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Home > News > Opinion News > Article > Blunders thunders in these Ashes

Blunders, thunders in these Ashes!

Updated on: 16 July,2023 07:43 AM IST  |  Mumbai
Ian Chappell |

Not only did the hosts fail to introduce Mark Wood’s threatening pace until the third Test at Headingley, they also chose a wicketkeeper in Jonny Bairstow, whose mistakes with the gloves have cost his side dearly; Cummins and Starc right on the money

Blunders, thunders in these Ashes!

England’s Mark Wood celebrates after dismissing Australian Mitchell Starc during Day Three of the third Test at Headingley, Leeds, last week. Pics/Getty Images

Ian ChappellThe first three Tests in the Ashes series have been exciting; plenty of scintillating cricket, the odd questionable tactic and some glaring examples of administrational blundering.

The series has provided ample batting highlights including the stubborn resistance of Usman Khawaja and the skilful placement of Joe Root. There’s been abundant audacity ranging from the unlikely pairing of Zak Crawley and Ben Duckett to the brilliant counter-attacking stroke play of Travis Head and Mitch Marsh. Skipper Ben Stokes oscillates between sedate defence and explosive hitting that sends the ball sailing deep into the crowd.

The series is littered with batsmen who have made starts but failed to convert them into a match winning score. I was uncertain about Harry Brook’s talent leading into the series but his second innings that piloted England to a much needed victory in the third Test confirmed his outstanding ability.

Jonny BairstowJonny Bairstow

Australia’s bowling has been headed by Pat Cummins who is a stand out performer. Mitchell Starc displayed great attacking skill in a spirited attempt to bring Australia victory and with it the urn at Headingley. With the serious injury to Nathan Lyon at Lord’s it’s obvious how much Australia depended on its consistent off-spinner.

England reliy heavily on the skill of Stuart Broad and his choke hold on David Warner to spearhead their attack. They belatedly introduced the big-hearted Mark Wood into the series and he proved his worth with a high speed attack at Headingley.

Wood’s inclusion highlighted a perennial English failing—selection. Not only did they fail to introduce Wood’s threatening pace until the third Test but they’ve chosen a bat-first wicketkeeper in Jonny Bairstow whose mistakes with the gloves have cost his side dearly. They also chose to offer red carpet treatment to Moeen Ali, who in his prime was never much of a bowling or batting threat to Australia.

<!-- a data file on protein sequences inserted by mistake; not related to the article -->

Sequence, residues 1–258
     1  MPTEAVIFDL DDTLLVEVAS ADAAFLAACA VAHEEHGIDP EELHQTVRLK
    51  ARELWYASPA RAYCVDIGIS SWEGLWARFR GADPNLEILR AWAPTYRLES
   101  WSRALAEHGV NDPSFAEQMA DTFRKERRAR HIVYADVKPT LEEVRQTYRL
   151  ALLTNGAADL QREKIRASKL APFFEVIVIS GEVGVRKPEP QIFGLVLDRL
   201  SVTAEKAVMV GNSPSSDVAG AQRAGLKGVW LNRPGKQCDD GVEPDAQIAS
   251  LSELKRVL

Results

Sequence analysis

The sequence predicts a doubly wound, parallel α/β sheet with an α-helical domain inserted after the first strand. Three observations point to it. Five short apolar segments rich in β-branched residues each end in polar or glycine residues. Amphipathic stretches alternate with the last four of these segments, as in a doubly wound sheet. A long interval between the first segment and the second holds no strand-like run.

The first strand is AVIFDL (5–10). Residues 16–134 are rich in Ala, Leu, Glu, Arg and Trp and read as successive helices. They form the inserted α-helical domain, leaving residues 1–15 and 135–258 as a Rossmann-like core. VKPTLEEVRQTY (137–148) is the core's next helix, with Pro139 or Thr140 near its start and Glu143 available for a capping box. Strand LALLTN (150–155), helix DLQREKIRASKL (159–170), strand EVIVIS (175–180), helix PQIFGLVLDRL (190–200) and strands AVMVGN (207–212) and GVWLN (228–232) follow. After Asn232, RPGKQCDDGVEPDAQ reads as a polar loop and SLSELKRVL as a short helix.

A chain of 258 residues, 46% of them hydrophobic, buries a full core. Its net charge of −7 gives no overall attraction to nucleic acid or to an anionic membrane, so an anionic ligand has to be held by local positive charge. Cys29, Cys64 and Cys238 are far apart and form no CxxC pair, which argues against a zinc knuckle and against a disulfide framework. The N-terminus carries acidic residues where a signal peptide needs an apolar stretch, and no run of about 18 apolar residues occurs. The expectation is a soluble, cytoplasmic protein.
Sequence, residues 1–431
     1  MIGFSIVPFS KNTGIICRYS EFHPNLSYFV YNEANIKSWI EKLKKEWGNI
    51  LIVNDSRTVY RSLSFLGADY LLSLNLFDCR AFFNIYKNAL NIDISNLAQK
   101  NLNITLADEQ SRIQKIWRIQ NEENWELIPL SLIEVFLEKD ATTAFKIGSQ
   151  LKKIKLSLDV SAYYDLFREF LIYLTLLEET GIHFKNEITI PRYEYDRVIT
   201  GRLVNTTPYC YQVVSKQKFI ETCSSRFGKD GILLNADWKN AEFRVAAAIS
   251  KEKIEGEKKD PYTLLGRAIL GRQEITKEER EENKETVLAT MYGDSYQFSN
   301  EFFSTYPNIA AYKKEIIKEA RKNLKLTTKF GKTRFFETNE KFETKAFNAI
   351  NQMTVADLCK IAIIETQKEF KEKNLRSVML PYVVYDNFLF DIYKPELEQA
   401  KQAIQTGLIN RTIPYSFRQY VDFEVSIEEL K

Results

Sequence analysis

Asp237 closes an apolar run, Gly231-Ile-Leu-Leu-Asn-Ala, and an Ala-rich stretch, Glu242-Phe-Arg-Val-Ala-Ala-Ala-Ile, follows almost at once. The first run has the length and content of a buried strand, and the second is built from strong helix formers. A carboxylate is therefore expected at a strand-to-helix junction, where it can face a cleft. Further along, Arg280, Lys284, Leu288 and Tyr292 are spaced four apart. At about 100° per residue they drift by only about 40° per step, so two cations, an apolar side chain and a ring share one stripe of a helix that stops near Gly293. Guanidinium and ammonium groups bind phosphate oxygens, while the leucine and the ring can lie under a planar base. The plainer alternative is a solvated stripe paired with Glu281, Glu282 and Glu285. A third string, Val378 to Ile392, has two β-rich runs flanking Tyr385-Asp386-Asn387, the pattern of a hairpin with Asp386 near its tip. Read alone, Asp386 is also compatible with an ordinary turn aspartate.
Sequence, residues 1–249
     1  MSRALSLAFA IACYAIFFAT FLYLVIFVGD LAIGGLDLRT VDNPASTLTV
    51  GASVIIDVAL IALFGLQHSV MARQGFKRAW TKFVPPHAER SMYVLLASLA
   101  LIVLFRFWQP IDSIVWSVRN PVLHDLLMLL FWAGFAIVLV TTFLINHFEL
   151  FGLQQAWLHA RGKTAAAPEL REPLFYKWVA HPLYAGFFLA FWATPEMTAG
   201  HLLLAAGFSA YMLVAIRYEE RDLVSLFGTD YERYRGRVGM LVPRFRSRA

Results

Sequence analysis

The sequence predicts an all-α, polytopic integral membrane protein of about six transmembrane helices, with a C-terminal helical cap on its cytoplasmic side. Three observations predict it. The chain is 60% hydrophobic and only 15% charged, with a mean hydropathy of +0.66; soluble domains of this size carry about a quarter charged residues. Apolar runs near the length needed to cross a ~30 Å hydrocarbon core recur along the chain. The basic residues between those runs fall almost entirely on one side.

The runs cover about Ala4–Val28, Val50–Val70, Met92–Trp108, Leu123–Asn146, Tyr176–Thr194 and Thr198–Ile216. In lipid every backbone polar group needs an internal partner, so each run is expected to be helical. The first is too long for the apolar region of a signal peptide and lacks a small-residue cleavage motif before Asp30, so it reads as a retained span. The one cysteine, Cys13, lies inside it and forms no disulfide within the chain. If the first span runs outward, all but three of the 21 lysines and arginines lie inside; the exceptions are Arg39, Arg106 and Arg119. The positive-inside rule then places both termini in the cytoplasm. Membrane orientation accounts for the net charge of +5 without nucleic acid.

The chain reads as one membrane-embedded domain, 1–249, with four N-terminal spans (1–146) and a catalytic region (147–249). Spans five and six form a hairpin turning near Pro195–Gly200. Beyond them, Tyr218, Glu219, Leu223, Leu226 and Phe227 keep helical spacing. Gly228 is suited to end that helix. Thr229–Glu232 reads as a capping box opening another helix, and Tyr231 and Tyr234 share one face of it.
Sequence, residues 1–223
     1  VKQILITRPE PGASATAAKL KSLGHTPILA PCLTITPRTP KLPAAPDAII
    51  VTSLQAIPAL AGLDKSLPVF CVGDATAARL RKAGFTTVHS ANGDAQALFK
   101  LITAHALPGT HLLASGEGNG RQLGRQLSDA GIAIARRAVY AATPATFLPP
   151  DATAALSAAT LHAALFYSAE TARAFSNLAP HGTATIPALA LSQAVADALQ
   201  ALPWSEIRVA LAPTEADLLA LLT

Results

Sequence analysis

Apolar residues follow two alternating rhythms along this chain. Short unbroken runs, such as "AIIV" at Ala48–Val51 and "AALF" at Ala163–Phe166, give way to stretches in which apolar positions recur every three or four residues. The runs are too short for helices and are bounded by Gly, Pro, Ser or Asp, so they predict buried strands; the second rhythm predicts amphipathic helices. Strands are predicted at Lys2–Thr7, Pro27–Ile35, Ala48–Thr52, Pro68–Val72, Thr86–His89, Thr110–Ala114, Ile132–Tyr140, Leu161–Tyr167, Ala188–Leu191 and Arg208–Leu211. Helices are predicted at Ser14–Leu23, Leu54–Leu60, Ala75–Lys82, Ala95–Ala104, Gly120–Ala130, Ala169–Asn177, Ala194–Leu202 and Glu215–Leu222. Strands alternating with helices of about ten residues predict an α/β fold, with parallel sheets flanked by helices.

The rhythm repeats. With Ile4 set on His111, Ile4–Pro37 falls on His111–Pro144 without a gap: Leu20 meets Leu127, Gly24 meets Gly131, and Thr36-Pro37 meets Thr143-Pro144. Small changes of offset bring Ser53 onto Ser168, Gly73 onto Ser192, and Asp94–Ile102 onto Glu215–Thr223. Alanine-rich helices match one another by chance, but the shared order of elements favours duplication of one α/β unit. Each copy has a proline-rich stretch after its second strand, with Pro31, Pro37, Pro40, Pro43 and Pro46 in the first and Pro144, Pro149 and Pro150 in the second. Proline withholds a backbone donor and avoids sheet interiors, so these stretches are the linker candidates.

Joe Root and Usman KhawajaJoe Root and Usman Khawaja

England’s fumbling failure to catch securely and save runs on the ground has been one of the main differences between the two teams. 

The captaincy styles of Cummins and Stokes are very different but they both admirably try to achieve victory from the first delivery. Stokes has done wonders in cajoling England into the priority of—as it should be— scoring runs and taking wickets.

The regular bouncer barrage—utilised by both sides—is not a plausible tactic as it is too demanding on the bowler. The resultant scattered field placings are also a surefire signal to any flint-eyed batsman. The most effective weapon of the bouncer is still surprise.

There has been a number of controversies, headed by Bairstow’s second innings dismissal at Lord’s. Bairstow was out and his thoughtlessness was the result of an abject failure to respect his wicket. What Alex Carey did was simply smart cricket; there was no deviousness involved and the crowd reaction was despicable, including the ludicrous cries of “cheat.”

Also Read: Ashes 2023: Aussies abused after Jonny Bairstow’s controversial dismissal

If Bairstow was trying to highlight the way etiquette has been ignored (a batsman should be ready to face up when the bowler is in position to begin his run) his thought process is commendable but his method was totally wrong.

Umpires have been lax in not enforcing this unwritten rule and the administrators are negligent for not backing arbiters to the hilt. It served to further expose the administrators inaction. They haven’t had the guts to explain some of the more controversial laws. Consequently the players undeservedly hear despicable chants of “cheat” from an ill-informed public.

In the case of a replay for catches perhaps the administrators haven’t explained the process because there is overwhelming evidence that this method doesn’t always provide the truth. This is further evidence of how the administrators make the mistakes but it’s the players who suffer the consequences.

Midway through the Lord’s Test I felt Australia was poised to run away with the Ashes, however I failed to factor in Stokes’s outstanding inspirational qualities. Australia will still win the Ashes but it’ll be a hard fight against an England side that continues to compete despite poor selection.

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